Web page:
It’s a difficult enough task just to get through that grind in order to garner the 16 victories necessary to claim Lord Stanley as your own. But it’s damn near impossible when you’ve already got core guys nursing significant injuries that would have otherwise kept them out of the lineup if not for the incessant need to pick up another two points down the stretch, and even those lucky enough to be healthy in body need a mental break from the length of the 60-game win-at-all-costs full court press. There are few of the bruised and battered who can step up when going against the well-rested top teams, who have had the luxury of resting their elite players down the stretch for the upcoming battles.
With the Metropolitan Division being the most competitive so far this year – they’re the only bracket that has six of the eight teams already with at least 30 points – positioning will be key to their postseason fortunes.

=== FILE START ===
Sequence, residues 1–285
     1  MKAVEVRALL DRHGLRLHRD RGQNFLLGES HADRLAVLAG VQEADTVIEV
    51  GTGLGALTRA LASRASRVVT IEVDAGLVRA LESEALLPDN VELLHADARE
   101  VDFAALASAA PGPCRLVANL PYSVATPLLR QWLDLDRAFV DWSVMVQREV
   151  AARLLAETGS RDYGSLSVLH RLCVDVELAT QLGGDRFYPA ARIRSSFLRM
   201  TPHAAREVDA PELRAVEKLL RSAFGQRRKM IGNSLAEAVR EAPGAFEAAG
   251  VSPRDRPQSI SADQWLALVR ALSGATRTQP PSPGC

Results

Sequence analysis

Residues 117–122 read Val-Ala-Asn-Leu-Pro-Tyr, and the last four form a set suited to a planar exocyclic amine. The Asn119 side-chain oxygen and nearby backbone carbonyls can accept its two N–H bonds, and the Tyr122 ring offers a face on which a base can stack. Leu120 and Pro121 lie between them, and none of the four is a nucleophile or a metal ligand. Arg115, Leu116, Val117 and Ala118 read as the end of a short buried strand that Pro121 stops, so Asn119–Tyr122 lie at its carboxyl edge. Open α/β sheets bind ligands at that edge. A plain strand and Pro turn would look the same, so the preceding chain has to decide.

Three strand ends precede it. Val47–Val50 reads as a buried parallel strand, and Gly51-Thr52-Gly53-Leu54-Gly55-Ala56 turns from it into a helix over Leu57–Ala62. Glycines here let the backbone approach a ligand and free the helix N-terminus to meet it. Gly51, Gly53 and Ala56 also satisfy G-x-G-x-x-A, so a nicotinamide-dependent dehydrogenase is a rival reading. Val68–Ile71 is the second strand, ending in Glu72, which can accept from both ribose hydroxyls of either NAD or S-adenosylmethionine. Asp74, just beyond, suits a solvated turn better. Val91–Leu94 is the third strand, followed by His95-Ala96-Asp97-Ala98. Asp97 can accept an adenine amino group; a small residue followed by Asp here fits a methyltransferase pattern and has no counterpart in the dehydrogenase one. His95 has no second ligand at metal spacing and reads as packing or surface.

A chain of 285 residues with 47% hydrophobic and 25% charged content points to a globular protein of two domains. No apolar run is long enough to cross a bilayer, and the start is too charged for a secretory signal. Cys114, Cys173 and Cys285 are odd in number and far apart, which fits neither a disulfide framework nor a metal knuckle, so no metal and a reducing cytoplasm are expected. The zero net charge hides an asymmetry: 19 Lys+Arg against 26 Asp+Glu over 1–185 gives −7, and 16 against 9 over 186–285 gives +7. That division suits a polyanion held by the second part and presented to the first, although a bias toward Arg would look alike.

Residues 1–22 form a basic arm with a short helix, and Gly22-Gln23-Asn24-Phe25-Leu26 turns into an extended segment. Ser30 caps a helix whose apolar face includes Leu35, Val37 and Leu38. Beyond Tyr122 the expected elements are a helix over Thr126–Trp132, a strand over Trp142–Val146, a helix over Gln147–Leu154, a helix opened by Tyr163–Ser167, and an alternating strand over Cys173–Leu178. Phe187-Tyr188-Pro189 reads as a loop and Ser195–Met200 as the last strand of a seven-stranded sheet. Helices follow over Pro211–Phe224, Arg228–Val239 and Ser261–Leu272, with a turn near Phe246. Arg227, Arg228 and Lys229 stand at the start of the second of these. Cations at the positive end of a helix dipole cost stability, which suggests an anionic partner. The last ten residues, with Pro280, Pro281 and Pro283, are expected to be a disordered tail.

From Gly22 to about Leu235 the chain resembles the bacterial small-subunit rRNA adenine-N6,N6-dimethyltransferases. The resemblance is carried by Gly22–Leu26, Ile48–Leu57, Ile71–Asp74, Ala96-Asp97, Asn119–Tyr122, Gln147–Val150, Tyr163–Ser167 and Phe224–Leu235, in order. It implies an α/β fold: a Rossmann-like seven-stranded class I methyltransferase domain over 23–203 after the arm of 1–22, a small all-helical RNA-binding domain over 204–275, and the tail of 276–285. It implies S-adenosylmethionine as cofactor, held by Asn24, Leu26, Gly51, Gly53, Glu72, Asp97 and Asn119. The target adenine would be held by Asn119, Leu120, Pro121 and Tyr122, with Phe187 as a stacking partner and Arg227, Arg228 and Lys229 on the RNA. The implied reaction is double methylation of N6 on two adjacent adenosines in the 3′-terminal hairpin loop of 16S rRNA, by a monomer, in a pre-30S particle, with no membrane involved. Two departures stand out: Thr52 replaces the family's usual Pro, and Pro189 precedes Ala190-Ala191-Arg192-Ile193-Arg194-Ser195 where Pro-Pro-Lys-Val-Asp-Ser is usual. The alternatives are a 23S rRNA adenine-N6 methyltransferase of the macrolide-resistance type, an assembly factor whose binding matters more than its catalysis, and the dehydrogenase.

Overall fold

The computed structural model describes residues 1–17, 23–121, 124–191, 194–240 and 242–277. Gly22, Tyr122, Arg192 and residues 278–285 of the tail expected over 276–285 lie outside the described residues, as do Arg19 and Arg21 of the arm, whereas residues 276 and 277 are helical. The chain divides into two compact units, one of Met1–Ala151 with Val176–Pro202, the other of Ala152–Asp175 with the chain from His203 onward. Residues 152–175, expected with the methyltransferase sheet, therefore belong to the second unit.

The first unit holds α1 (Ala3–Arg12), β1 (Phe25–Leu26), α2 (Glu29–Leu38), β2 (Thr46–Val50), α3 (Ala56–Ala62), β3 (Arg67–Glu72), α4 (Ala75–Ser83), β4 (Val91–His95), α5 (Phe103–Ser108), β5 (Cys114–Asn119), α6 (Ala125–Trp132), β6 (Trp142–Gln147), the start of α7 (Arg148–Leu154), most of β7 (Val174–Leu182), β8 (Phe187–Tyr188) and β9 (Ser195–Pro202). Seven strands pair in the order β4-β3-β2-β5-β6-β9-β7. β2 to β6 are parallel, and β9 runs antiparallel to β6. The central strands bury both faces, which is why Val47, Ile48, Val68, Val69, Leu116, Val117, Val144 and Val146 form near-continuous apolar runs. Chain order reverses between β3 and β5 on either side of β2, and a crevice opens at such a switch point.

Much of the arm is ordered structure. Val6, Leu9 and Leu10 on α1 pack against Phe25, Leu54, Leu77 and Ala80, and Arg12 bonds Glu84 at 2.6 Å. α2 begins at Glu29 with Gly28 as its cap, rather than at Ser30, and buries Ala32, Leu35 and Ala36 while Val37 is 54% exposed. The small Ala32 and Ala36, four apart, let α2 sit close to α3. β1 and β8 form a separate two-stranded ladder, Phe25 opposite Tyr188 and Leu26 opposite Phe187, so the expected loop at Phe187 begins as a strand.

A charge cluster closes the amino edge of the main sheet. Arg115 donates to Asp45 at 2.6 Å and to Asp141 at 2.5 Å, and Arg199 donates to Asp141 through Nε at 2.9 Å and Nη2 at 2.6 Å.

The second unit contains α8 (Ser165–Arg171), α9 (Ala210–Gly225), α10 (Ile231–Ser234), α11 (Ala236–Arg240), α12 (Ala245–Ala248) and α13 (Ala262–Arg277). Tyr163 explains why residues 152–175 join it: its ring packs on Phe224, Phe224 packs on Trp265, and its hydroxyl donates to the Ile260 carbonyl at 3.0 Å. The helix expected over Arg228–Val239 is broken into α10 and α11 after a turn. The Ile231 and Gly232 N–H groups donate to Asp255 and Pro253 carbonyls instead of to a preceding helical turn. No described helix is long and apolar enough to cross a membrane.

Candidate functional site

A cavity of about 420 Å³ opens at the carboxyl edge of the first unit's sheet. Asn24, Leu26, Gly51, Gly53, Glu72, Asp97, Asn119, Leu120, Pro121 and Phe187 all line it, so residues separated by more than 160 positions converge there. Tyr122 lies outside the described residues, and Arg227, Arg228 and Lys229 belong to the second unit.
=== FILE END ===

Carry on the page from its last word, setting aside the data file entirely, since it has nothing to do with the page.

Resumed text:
By making the moves early enough to get Philly to begin to right the ship before things reached the breaking point, Hakstol has set his team up for what he and the rest of the organization can only hope will be a successful season-long run into a comfortable postseason slot, avoiding the need for what has become a typical prolonged, feverish mad dash just to reach the finish line.
No matter how unpopular Hakstol’s scratches have proven to be, they seem to have played a part in the Flyers’ recent resurgence.
David Strehle is the Philadelphia Correspondent for The Fourth Period. Follow him on Twitter.